Idaho Power Company biologists have begun a three-year survey of white sturgeon in the Snake River below Hells Canyon Dam and a portion of the lower Salmon River.
The three-year study is the first in a decade and is being conducted in cooperation with state, federal and tribal entities. IPC owns and operates three dams long the Idaho-Oregon border that make up what is called the Hells Canyon Complex. Hells Canyon is the lowermost of those three hydro projects. The complex blocks up and downstream passage of salmon, sturgeon and other fish species.
From now through November, the company biologists will use setlines to catch the giant, prehistoric-looking fish that have changed little over the past 175 million years. Sturgeon are the largest freshwater fish in North America and can weigh as much as 1,500 pounds and reach lengths of more than 12 feet, according to the company.
The sturgeon will be weighed, measured, scanned for the presence of an electronic tag, cataloged and released.
The purpose of the study is to update population data for white sturgeon in this reach, and implement a standardized monitoring program that tracks sturgeon abundance by assessing the population every 10 years. The information gathered will be important for monitoring the long-term success of white sturgeon in Hells Canyon.
“This is the largest monitoring effort for sturgeon that Idaho Power performs,” said Ken Lepla, Idaho Power senior biologist. “We are targeting this population because it is one of only two productive, self-sustaining sturgeon populations remaining in the Snake River upstream of Lower Granite Dam.” The other population is above the complex on the Snake reach between the IPC’s Bliss and the C.J. Strike dams in south central Idaho.
While both populations are self-sustaining, neither is big enough for catch-and-keep fisheries. Fishing is allowed, but any big fish caught must be released.
Crews are using baited setlines, gear that is commonly used in white sturgeon studies throughout the Columbia River basin. The setlines are rigged with “circle” hooks that prevent sturgeon from swallowing the hook because of its unique shape. This gear has been used in Idaho Power’s white sturgeon surveys over the last 20 years without incident to sturgeon, and the field crews strive to maintain this record.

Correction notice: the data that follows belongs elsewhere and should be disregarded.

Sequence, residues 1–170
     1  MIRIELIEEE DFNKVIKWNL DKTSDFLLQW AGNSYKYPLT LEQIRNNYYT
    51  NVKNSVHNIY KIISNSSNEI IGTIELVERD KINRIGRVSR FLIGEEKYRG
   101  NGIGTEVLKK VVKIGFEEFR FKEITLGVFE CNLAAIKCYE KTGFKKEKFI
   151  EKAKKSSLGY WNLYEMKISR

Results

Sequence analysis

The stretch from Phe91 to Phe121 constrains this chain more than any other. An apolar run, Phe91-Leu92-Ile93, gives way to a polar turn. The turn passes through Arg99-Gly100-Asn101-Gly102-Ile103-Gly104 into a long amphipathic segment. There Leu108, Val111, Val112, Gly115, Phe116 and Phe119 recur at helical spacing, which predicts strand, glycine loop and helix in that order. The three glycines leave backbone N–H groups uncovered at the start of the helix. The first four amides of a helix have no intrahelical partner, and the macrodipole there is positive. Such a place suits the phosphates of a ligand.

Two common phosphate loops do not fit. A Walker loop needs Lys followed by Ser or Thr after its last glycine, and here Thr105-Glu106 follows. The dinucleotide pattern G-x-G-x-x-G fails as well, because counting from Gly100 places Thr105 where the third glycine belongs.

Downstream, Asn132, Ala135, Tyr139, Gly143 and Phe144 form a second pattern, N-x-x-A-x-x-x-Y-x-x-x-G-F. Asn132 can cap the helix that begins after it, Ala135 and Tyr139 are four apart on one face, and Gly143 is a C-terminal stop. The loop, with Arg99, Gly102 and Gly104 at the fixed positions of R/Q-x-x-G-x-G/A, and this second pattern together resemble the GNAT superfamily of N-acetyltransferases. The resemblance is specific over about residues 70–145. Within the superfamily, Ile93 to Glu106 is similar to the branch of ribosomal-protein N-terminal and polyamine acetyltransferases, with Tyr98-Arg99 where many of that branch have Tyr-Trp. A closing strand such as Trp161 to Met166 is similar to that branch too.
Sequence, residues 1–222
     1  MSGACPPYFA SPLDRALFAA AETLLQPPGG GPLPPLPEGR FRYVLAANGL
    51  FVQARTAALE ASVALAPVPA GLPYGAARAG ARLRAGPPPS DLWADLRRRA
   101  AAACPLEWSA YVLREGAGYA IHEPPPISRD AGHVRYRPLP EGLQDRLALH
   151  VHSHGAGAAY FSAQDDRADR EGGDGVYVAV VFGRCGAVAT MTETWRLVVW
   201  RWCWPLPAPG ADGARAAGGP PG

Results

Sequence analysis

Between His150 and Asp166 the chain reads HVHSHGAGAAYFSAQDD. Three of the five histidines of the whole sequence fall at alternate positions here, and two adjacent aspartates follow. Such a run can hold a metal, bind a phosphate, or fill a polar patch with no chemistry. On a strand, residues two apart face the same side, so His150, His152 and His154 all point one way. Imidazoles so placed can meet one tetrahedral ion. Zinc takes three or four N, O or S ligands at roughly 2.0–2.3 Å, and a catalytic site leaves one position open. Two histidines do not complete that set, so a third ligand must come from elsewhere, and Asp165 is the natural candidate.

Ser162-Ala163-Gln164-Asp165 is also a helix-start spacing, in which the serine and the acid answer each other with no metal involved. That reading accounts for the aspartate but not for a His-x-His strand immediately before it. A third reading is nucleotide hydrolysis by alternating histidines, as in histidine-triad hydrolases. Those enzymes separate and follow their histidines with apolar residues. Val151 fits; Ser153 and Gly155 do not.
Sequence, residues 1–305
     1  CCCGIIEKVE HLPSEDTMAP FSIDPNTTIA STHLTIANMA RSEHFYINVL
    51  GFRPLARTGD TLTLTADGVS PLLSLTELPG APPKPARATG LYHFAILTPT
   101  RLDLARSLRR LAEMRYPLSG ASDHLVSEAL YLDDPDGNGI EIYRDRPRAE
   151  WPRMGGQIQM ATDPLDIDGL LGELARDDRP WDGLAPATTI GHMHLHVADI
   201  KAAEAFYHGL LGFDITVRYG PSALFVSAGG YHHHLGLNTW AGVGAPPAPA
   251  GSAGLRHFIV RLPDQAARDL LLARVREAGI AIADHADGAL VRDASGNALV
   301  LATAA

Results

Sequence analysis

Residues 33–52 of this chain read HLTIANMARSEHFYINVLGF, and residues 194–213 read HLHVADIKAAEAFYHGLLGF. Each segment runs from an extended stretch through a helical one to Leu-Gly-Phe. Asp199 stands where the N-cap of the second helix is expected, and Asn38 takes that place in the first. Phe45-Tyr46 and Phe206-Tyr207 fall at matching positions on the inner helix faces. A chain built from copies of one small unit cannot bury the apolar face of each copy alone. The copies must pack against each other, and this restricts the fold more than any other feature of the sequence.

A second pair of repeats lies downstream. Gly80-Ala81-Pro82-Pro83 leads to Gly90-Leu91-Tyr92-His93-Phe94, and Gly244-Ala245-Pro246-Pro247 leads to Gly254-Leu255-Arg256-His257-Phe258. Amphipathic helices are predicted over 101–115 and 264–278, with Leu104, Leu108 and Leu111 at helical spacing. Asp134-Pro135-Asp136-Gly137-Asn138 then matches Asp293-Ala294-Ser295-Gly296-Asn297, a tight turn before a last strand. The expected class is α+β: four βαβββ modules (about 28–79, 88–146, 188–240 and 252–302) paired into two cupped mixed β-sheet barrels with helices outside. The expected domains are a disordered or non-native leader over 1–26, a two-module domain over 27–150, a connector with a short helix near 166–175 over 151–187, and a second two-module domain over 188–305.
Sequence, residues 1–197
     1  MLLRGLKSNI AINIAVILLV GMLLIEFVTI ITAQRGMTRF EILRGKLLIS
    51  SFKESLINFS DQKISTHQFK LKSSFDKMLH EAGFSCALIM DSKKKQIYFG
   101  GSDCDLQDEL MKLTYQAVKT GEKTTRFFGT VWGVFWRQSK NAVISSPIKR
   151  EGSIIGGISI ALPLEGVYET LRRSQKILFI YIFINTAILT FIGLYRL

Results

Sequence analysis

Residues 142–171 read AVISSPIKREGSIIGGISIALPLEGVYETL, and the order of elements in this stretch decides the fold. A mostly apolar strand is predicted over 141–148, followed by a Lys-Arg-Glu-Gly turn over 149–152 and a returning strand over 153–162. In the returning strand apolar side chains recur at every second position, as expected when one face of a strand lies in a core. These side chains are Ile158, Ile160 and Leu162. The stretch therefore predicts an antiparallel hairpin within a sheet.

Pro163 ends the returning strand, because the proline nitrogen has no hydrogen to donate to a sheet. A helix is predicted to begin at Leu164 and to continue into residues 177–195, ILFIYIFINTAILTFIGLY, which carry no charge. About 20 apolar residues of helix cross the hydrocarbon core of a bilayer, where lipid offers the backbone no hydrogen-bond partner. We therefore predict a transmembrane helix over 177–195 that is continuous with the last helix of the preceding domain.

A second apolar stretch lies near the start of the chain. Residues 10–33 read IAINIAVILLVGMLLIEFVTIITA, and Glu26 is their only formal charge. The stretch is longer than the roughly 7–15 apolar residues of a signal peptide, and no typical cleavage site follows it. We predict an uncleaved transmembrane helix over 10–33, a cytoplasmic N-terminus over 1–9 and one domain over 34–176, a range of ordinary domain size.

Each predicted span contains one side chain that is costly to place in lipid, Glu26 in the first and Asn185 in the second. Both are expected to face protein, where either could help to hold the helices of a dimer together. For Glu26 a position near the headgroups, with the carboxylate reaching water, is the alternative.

Each setline is marked by an orange buoy and metal tag identifying the study and Idaho Power’s contact information. All setlines are checked daily and at frequent intervals. The public is asked to avoid contact with the setline gear; tampering or vandalizing the gear may cause unnecessary harm to fish if the setlines cannot be recovered.
The survey is part of Idaho Power’s White Sturgeon Conservation Plan, which provides for periodic monitoring of sturgeon populations associated with the company’s hydroelectric projects. The plan can be found at:
“The middle reaches of the Snake River between Hells Canyon and Swan Falls dams, as well as reaches upstream of Bliss Dam to Shoshone Falls (a natural barrier), contain only small populations and show little or no detectable recruitment,” according to the plan. “Factors that have played a role in sturgeon decline in other river systems -- altered habitat, pollution, historical exploitation, and fragmentation -- have also contributed to the current status of sturgeon in the Snake River.”
The long-term goal, as defined in the WSCP, is to mitigate for IPC project-related impacts in order to provide for healthy populations of white sturgeon in each reach of the Snake River between the mouth of the Salmon River and Shoshone Falls, not including the reach between Upper Salmon Falls and Lower Salmon Falls dams.
“… short-term objectives are to maintain and/or enhance population viability and persistence of white sturgeon below Bliss and Hells Canyon dams and, where feasible, begin to reestablish recruitment to populations where natural recruitment is severely limited,” the plan says.
The survey – basically from below Hells Canyon Dam down to the head of Lower Granite Dam’s reservoir -- is conducted in coordination with state, tribal and federal entities including the Idaho Department of Fish and Game, Oregon Department of Fish and Wildlife, Washington Department of Fish and Wildlife, Nez Perce Tribe, U.S. Forest Service, and Bureau of Land Management. Lower Granite is in southeast Washington.
The company’s plan includes sharing information with fish management agencies and cooperatively identifying measures to improve or maintain populations of this great fish.
For more information about the project, including a map of the area being surveyed, visit www.idahopower.com/ourenvironment and click on the sturgeon.
Idaho Power serves nearly 500,000 customers throughout a 24,000-square-mile area in southern Idaho and eastern Oregon.